Wallace’s ponderings

The latchrope

 

 


A reporter had been given an assignment that required him to interview rural Alabamians in their homes. In the course of his travel through the hills and backwoods, he discovered a people of tough hide, gentle heart, and genuine American ingenuity, people who expected payment of every penny owed to them, but would give you the clothes off their backs.

He stopped one day at the very old and rustic home of a woman who would have been Norman Rockwell’s perfect example of a grandmother. She stood with rake in hand as if on sentry duty against the falling leaves. Her lace-trimmed apron enhanced the simple beauty of the crisp, print dress she wore. Wire-rimmed glasses, silver hair pulled back into a ball, and an ever-present smile defined who she was.

The above drawings of latchrope doors show their unique construction.

The above drawings of latchrope doors show their unique construction.


Before the reporter finished introducing himself, the lady interrupted with, “Well, come on inside out of the heat and we’ll have some sweet tea.”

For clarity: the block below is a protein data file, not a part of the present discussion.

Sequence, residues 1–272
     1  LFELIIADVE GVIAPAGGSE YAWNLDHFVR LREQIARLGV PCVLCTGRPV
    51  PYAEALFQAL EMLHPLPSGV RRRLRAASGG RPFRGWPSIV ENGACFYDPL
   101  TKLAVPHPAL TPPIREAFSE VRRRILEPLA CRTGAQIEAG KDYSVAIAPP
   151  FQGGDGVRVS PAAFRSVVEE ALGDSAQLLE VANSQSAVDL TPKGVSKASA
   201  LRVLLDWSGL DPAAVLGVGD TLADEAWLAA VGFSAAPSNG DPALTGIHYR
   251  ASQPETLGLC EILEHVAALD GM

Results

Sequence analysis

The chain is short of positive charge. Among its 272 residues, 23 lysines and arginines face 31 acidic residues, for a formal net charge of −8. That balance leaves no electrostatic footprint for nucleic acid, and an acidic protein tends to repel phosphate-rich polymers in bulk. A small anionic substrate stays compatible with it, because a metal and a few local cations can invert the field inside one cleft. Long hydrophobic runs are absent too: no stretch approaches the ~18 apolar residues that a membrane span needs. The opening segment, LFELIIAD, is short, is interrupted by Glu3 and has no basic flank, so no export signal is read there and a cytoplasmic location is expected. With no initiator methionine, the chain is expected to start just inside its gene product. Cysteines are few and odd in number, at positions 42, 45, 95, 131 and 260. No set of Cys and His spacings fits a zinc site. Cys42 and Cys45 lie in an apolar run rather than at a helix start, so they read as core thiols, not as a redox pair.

As the couple approached the house, the reporter noticed the door had no doorknob, but rather a short rope hanging through a hole in the door. When she pulled the rope, the door opened. Noticing the reporter’s puzzled look, she explained that it was a “latchrope” attached to the latch inside.

The mechanism consisted of a wood slat secured to the door on one end. By pulling on the rope outside, she could lift the slat from the latch and the door would open. At night, she would pull the rope inside so that she and her husband Lewis would be safe.

She smiled as she related that Lewis would sometimes go into the nearby small town and stop by a neighborhood bar to play darts with his friends. “I would leave the latchrope out for him until midnight, and then I would bring it inside,” she explained. “After midnight he would have to wake me and face my wrath for staying out too late.

“My Lewis died last year,” she said, “so now I leave the rope out all night. I know he’s not coming back, but I just can’t bear to pull the rope in.”

She continued, “To me, it is more than just a latch and a rope through a hole; it is a reminder that someday I will go to my permanent home where Lewis is, and I know God will leave the latchrope out for me.”